The Grievant next asked for "Chris" and indicated that he had worked with him the prior week, although he did not know his last name. Stanull checked the County's computer system for trustee release and identified Porodish as the trustee that had worked for the Highway Department the prior week. Stanull informed the Grievant that Porodish was not available. Stanull then asked whether another inmate would work and inquired what the

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inmate would be doing. The Grievant agreed to another inmate, but his responses as to what the inmate would be doing are not consistent.

The Grievant told Remiker on May 7 that he told Stanull that the inmate would be helping him stack wood. Exh. 11. Stanull recalled that he said they would be "unloading a semi" or "unloading a semi-trailer". At hearing, the Grievant testified:

We're going to be unloading a truck box. I said there has been a change in the plans because of a truck box my cousin, who I talked to prior this asked if I would help unload a truck box, and then I said and we're going to be stacking firewood. Tr. 375-376.

It is amazing that the Grievant is now recalling that he explained with this level of specificity the content of his statement to Stanull, especially since he never offered this extensive explanation in the past. I do not believe that the Grievant made any statement beyond some form of "unload a semi." I also note that the Grievant reminded the officer of his employment with the County Highway Department. Stanull's version is more believable. Stanull was told by a Highway Department employee that he was there to pick up the same trustee that had worked for the Highway Department days earlier and that they were going to be unloading a semi, which could be viewed as Highway Department work. I do not believe the Grievant made any reference to his cousin or firewood. If the Grievant had expounded to Stanull as he describes, it is more likely than not that Stanull would have deduced that the work the Grievant intended Sanchez to perform was personal and not highway work.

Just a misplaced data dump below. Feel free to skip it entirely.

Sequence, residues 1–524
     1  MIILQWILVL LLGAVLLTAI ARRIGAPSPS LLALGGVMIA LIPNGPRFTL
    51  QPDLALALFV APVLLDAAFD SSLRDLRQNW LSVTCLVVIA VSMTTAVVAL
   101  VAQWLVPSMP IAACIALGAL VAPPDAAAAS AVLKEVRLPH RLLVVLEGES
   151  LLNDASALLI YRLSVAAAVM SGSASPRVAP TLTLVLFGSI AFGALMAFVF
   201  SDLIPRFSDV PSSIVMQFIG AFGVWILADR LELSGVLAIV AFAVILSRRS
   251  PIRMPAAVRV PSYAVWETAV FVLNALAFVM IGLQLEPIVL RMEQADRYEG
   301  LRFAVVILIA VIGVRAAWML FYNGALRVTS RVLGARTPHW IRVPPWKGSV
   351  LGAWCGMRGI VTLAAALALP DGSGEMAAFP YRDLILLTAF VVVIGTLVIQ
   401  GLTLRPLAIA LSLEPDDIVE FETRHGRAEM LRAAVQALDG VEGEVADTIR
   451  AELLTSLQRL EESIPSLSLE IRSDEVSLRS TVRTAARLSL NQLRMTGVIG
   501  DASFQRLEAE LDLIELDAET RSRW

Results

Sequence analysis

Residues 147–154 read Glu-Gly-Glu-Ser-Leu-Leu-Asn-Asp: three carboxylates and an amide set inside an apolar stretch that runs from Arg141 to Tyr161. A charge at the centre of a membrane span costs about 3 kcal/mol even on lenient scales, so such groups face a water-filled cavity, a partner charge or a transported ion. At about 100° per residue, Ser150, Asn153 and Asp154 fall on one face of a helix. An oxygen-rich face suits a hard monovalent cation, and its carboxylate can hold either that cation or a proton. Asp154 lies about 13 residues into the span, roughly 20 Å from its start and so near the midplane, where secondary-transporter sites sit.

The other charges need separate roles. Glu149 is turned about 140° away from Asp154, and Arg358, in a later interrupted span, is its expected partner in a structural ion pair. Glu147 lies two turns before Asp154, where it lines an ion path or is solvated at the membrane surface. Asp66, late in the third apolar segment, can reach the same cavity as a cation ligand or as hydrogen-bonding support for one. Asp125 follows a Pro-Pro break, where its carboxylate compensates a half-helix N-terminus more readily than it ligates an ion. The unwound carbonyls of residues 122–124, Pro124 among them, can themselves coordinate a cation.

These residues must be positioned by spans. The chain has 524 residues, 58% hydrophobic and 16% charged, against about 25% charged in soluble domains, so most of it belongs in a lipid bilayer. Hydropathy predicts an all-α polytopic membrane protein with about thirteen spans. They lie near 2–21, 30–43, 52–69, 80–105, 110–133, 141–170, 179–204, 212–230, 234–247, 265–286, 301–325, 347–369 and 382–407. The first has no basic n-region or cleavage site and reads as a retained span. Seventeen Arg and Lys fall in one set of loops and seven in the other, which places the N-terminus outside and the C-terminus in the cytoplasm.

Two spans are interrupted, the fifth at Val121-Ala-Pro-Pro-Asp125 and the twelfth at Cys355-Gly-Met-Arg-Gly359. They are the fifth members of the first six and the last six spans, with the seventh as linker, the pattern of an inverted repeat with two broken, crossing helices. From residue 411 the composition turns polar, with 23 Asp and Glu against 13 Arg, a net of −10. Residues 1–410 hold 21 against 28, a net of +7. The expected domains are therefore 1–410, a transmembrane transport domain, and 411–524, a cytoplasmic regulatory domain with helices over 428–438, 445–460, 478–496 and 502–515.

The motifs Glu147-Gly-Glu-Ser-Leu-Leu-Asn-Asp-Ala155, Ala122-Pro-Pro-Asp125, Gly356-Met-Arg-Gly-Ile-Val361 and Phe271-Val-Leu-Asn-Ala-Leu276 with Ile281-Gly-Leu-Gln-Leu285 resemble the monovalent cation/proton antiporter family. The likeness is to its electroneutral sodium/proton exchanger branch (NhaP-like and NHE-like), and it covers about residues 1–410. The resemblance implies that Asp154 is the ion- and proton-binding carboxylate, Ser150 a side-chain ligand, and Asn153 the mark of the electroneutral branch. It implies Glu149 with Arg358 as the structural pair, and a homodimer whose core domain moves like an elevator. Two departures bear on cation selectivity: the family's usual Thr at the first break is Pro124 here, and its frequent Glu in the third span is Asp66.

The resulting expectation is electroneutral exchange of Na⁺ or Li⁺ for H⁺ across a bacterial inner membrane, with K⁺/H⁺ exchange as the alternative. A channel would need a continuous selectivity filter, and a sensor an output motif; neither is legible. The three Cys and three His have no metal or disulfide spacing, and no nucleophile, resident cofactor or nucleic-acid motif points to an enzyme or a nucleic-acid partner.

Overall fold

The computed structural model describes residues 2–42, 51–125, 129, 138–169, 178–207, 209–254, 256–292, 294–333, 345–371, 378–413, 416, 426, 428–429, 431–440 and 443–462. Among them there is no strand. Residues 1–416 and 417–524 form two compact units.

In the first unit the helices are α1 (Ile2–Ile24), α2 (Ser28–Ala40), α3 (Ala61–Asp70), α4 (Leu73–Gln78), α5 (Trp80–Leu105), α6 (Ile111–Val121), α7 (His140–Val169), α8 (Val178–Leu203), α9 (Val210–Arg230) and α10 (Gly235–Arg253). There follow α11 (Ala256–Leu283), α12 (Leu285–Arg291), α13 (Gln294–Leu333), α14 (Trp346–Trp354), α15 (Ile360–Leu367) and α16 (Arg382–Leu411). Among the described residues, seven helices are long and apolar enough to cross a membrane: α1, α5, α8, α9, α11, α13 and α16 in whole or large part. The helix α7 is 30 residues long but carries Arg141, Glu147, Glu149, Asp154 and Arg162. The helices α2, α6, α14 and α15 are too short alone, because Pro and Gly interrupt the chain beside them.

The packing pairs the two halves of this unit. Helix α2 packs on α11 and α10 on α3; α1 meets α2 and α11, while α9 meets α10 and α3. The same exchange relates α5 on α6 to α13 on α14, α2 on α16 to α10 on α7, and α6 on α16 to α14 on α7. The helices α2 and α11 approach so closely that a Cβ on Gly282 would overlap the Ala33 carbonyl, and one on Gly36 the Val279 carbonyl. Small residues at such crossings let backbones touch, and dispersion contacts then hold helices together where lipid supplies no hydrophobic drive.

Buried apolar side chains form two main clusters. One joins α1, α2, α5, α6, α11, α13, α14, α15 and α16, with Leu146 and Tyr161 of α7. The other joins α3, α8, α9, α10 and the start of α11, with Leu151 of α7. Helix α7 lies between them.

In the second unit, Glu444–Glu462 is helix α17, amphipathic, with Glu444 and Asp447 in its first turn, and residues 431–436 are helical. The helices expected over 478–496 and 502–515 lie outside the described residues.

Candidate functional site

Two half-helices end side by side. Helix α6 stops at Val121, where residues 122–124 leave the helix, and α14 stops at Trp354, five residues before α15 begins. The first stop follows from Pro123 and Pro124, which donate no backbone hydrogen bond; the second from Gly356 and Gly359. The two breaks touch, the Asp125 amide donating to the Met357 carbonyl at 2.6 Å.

Minutes later, the Grievant approached Stanull again while he was waiting for Sanchez to be released. The Grievant asked Stanull whether an inmate would be available the following day, Sunday. In response, Stanull asked the Grievant what the trustee would be doing. The Grievant responded that the prisoner would be doing personal work for the Grievant. While the Grievant has maintained throughout the investigation and hearing that he repeatedly stated to the officers that he was seeking the services of the trustee for personal use, I find that this was the first time that the Grievant informed the officer.

The Grievant's prepared statement does not mention that the trustee was going to be doing personal work and it does not make any request for work on a Sunday. The Grievant was questioned during his interview with Remiker and Remiker documented the exchange as follows:

I further question SCHULTZ about the conversation he had with C.O. STANULL on 04/28/07 in which C.O. STANULL informed him that he could not use inmates for personal use. SCHULTZ indicated he was not given that information. SCHULTZ stated, if that was the conversation, he did not understand that inmates could not be use for personal use. He indicated he would not have taken the inmate out if he had known that information.

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The Grievant testified at hearing that after he informed Stanull that he wanted the inmate for personal use on Sunday, that Stanull told him, "said no, I gave you a guy today, in the future you should get it checked out through Linda, and I said okay." Tr. 377. The fact that the Grievant denies ever being told that personal use of trustees is improper is troublesome.

Stanull's version of events is significantly different. Stanull's statement and testimony describe the Grievant asking for an inmate for personal use on Sunday and Stanull turning to Wardman in the Control Center and asking Wardman if inmates are available for personal use. Stanull recalled and Wardman's statement and testimony provide that Wardman responded, "absolutely not" which Stanull then repeated to the Grievant. Stanull then described how the Grievant responded ­ by raising both his arms and stating, "that's fine." Stanull's integrity is suspect simply because if there is any truth to the Grievant's assertions, then Stanull released an inmate without proper authorization. The fact that Wardman and Bonde corroborate Stanull's testimony establish its credibility.